NEW YORK (Reuters) - New York’s top banking regulator is considering issuing regulatory guidelines for Bitcoin and other virtual currencies, according to a memo posted on its website on Monday.
The memo comes after federal authorities have filed claims against other digital currency businesses. Last year, the FBI reported Bitcoin was being used by criminals to move money around the world.
Benjamin Lawsky, superintendent of the New York Department of Financial Services, said in the memo that his department is concerned that virtual currency exchangers are violating current New York regulations for money transmitters, which require posting collateral and periodic examinations.
He warned in the memo that “serving as a money changer of choice for terrorists, drug smugglers, illegal weapons dealers, money launderers, and human traffickers could expose the virtual currency industry to extraordinarily serious of (sic) criminal penalties.”
Lawsky said the department also is considering new regulations specifically for the emerging currency products.
“If virtual currencies remain a virtual Wild West for narcotraffickers and other criminals, that would not only threaten our country’s national security, but also the very existence of the virtual currency industry,” Lawsky wrote.
Digital currency is electronic money that can be passed between parties without traditional banking or money transfer systems. Bitcoin is the most prominent one, having been embraced by a number of venture capitalists in Silicon Valley.
As part of its inquiry, the department issued subpoenas to 22 companies associated with virtual currencies last week, according to a person familiar with the probe.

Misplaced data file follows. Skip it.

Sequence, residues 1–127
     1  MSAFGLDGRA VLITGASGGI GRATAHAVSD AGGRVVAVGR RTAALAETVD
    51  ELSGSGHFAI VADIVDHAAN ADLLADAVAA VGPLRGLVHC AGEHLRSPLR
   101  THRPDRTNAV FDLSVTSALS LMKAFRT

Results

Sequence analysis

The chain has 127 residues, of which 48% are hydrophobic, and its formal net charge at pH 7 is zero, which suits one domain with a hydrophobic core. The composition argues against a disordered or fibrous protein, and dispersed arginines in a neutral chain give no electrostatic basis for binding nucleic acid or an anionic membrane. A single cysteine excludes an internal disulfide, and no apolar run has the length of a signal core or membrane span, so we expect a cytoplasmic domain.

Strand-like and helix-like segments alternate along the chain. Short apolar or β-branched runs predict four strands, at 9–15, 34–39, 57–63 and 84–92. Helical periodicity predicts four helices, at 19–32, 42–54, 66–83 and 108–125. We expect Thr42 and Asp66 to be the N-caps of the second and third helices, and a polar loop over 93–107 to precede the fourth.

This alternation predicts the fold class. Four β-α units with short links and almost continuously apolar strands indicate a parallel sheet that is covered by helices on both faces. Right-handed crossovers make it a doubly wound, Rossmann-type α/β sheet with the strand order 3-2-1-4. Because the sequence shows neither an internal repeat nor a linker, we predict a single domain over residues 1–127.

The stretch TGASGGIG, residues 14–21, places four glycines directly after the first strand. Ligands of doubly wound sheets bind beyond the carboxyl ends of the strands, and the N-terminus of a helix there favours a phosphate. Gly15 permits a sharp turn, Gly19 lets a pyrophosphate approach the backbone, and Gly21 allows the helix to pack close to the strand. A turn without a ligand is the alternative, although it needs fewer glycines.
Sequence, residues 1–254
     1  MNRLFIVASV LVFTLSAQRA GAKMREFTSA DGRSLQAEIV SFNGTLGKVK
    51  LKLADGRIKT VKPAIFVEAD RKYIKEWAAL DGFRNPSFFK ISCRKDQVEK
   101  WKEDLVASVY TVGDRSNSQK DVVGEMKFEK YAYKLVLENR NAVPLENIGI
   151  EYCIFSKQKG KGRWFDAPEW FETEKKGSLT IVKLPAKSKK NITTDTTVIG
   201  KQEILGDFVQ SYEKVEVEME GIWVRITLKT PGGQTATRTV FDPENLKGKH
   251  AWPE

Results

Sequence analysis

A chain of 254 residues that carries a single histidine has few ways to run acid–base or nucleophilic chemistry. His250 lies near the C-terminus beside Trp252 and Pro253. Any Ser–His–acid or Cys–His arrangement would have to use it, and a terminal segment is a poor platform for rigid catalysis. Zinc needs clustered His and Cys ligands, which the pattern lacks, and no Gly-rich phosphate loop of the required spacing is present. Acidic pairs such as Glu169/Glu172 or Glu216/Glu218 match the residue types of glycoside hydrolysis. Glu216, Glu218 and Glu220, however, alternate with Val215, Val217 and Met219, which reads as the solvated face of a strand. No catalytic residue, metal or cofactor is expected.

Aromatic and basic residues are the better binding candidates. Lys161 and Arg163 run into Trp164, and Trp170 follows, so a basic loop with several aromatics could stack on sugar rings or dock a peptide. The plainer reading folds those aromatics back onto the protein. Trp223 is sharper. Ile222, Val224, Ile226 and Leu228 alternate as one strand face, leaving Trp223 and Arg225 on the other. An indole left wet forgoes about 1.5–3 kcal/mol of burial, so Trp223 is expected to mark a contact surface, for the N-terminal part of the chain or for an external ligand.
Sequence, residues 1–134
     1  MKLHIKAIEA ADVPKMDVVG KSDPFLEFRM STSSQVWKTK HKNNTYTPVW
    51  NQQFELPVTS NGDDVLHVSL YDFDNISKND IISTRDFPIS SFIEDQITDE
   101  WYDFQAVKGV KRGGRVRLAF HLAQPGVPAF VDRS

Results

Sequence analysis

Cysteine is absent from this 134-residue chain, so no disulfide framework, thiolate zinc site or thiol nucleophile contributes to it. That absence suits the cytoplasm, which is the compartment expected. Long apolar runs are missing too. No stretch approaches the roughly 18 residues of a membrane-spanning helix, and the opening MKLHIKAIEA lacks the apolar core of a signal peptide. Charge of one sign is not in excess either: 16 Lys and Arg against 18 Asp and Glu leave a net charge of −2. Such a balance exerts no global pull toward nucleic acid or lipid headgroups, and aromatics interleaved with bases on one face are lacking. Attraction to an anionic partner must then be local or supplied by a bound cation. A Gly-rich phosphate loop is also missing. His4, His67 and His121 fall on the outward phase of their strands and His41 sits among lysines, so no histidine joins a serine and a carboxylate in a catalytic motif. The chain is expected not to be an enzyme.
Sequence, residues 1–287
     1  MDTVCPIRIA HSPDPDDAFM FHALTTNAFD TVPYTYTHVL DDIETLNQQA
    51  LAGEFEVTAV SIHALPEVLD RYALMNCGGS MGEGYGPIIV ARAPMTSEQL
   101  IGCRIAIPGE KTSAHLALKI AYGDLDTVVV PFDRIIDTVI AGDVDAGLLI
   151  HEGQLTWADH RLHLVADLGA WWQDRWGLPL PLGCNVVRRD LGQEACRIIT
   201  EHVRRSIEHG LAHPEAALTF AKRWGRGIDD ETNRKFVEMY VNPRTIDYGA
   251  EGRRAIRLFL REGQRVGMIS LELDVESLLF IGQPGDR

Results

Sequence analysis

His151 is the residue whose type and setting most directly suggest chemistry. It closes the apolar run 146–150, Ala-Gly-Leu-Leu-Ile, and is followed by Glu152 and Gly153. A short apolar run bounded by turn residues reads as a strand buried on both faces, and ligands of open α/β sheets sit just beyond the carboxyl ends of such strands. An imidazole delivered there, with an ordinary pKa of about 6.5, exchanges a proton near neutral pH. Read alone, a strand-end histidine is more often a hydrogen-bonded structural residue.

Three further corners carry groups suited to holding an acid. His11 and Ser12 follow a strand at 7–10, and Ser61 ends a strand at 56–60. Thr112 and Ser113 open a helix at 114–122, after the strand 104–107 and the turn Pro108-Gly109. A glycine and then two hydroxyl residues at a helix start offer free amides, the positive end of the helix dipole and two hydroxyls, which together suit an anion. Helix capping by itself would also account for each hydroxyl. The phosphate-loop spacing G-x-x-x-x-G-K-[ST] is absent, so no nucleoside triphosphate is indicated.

The subpoenas seek information on anti-money laundering controls, consumer protection measures, and investment strategies in virtual currencies, said the person, who was not authorized to speak publicly and did not want to be identified.
BitInstant, BitPay and Dwolla are among the companies subpoenaed, the person said. None returned phone calls or emails seeking comment.
Jaron Lukasiewicz, chief executive officer of New York-based Coinsetter, declined to comment on the subpoena his company received, but did say in an email, “Although it may not be apparent from the outside, the leading Bitcoin companies are taking regulation and compliance very seriously.”
Subpoenas also went to firms backed by investors in virtual currencies, including Andreessen Horowitz, founded by Marc Andreessen and Ben Horowitz, the Founders Fund, which includes Peter Thiel and Sean Parker, and Winklevoss Capital Management, founded by Cameron and Tyler Winklevoss, the person said.
Through a spokeswoman, the Winklevosses declined comment. Last month, they said they planned an initial public offering that would give investors exposure to the value of Bitcoin.
Neither Andreessen Horowitz nor the Founders Fund responded to requests for comment.
Patrick Murck, general counsel for the Bitcoin Foundation, an advocacy group of Bitcoin-related businesses, said it would engage “with regulators in New York” and wherever else was needed and provide legal defense when appropriate.
Bitcoin exists through an open-source software program and is not managed by a single company or government. Its users can buy Bitcoins through exchanges that convert real money into the virtual currency.
The U.S. Treasury Department in March said digital currency firms were required to abide by anti-money laundering regulations, including monitoring customers and reporting suspicious activity.
Last week, a federal judge in Texas allowed the U.S. Securities and Exchange Commission to proceed with its case against a Texas man accused of running a Ponzi scheme with Bitcoin.
Reporting by Karen Freifeld; Editing by Leslie Gevirtz